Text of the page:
Stroke, emergency care - How do doctors diagnose a stroke?
BMJ Group Medical Reference
If your doctor thinks you may have had a stroke, he or she will give you a thorough physical check.
If you have had a severe stroke, you may black out (lose consciousness). But if you are awake, the doctor will check how alert you are by asking you simple questions. He or she will probably ask you your name and what the date is. You might also be asked if you know where you are.
Your doctor will then shine a light in your eyes to make sure your pupils respond properly. He or she will also ask you to look left and right, then up and down. You may also be asked to smile or shrug, and the doctor may test whether you can hear quiet noises or feel a gentle touch on your skin.
The doctor will then check your muscles by asking you to squeeze someone's finger, push with your hands or legs, or kick your legs out. Very often people who have had a stroke will be weak on one side of their body, so it's important to test the strength of your legs and arms.
Your doctor will also check your reflexes by tapping your knee or another joint with a small hammer. Someone who has had a stroke may have reflexes that are much faster and stronger than usual.
If you can get out of bed, your doctor may want to see if you can walk properly. He or she will also make sure that your speech is normal, because some strokes make it hard for people to talk. Other tests include asking you to write something simple on a piece of paper, or to remember the names of a few simple objects (like a hat, a car, and a dog) and then say them back to the doctor after a few minutes.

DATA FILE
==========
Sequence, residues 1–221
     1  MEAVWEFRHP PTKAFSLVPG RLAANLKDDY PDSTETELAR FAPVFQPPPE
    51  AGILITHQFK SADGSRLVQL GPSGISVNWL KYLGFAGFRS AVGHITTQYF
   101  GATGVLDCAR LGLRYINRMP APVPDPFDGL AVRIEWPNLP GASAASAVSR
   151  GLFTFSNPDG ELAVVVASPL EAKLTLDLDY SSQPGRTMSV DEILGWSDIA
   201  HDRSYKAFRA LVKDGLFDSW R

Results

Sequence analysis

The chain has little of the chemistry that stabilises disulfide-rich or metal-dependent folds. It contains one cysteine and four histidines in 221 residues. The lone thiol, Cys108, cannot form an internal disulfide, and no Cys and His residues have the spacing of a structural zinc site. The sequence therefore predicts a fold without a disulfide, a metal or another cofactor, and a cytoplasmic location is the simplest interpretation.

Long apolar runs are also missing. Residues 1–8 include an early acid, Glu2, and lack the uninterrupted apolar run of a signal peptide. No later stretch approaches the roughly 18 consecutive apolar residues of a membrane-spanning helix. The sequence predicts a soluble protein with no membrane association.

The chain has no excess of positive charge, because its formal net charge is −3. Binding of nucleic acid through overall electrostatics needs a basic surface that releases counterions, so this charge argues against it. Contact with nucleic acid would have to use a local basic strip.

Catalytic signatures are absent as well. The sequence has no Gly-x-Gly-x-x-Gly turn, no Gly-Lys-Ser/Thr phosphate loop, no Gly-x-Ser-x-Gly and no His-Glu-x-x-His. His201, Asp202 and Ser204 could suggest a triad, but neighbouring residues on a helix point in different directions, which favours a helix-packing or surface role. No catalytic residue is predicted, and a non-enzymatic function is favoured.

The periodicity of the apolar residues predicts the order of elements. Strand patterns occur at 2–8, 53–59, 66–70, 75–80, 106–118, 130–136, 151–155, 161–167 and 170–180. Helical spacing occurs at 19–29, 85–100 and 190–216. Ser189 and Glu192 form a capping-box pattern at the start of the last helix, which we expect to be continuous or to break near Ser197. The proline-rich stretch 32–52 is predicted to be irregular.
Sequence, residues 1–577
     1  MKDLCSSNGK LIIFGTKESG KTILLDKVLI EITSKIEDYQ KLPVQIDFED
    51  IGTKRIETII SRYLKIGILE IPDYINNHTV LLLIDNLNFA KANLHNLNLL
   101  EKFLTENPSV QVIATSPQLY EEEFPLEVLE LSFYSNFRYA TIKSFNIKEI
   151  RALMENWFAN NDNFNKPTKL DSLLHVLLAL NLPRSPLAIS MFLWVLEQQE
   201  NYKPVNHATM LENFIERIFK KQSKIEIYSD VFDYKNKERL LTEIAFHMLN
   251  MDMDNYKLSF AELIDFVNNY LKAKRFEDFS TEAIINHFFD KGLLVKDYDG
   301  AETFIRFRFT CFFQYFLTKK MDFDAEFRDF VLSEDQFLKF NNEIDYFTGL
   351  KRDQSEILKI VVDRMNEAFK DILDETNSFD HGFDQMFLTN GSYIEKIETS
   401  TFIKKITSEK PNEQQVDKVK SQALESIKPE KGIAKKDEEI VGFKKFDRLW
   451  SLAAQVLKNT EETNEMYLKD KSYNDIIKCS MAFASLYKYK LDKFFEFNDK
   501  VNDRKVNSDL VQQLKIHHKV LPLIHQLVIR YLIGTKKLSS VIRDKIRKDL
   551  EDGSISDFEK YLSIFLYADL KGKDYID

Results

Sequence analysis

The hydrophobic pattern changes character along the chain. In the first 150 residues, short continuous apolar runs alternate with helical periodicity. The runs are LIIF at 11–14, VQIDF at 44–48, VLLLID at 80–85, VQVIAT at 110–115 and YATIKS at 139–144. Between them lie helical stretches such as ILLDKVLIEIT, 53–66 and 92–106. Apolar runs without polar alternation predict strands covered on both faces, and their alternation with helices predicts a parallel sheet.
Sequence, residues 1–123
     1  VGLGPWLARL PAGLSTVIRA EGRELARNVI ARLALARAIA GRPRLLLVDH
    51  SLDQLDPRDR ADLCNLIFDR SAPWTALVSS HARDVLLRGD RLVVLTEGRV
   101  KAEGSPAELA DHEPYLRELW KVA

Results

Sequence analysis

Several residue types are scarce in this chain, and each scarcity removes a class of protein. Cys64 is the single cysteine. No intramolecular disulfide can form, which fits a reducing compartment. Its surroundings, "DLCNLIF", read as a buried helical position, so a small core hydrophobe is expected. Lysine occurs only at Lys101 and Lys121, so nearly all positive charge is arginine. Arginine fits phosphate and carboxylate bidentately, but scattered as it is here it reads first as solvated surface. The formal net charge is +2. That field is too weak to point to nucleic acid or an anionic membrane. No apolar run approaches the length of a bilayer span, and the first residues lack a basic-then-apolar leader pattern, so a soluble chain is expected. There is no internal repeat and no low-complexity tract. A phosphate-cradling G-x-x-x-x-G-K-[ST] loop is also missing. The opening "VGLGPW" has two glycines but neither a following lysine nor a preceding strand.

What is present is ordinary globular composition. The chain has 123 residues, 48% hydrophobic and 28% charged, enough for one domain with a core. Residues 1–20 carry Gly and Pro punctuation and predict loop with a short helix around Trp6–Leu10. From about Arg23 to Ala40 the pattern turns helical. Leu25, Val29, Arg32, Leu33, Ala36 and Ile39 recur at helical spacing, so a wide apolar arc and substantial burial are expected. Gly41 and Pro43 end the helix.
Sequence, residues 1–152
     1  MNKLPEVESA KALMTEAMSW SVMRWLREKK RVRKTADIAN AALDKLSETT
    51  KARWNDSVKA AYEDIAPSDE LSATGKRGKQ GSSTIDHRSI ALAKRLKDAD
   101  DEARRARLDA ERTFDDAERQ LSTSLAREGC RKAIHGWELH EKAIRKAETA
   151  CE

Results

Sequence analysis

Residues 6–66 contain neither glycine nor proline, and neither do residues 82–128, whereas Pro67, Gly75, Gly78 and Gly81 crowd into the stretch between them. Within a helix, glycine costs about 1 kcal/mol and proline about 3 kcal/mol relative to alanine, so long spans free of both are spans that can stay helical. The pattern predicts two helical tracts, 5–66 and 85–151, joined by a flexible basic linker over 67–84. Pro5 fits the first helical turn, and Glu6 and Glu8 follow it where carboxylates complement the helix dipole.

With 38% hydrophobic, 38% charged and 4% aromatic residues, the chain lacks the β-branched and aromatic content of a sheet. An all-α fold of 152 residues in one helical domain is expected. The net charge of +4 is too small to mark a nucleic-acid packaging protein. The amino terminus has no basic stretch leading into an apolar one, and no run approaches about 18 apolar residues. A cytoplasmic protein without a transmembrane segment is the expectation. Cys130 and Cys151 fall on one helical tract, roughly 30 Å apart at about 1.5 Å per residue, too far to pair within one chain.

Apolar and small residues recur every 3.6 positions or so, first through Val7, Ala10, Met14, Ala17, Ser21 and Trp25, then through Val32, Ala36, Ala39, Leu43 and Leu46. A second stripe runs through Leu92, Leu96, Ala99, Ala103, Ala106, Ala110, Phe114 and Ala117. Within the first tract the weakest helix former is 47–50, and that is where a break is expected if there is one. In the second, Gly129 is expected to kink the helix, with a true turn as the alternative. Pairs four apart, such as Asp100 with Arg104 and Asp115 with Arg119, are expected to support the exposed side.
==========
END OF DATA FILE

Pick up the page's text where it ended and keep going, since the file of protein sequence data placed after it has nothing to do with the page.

Doctors use brain scans to find out what type of stroke you've had, where it is, and what treatment you should have. It's usually best to have a brain scan as soon as possible after doctors think you may have had a stroke. You should definitely have a brain scan within 24 hours. But you may have one much more quickly. Scans can show where the stroke has happened and if the stroke has caused any other problems.
You may have:
A CT (computerised tomography) scan: You lie down on a bed that moves slowly through the scanner. The scanner takes lots of x-rays of your brain to see if there is anything unusual there. It provides very detailed pictures and may be the only test you need
An MRI (magnetic resonance imaging) scan: This looks very like a CT scanner. You lie on a bed which moves you through the tunnel of the scanner. The scanner uses a strong magnetic field to get detailed pictures of your brain. You may have an MRI scan if the results from the CT scan aren't clear.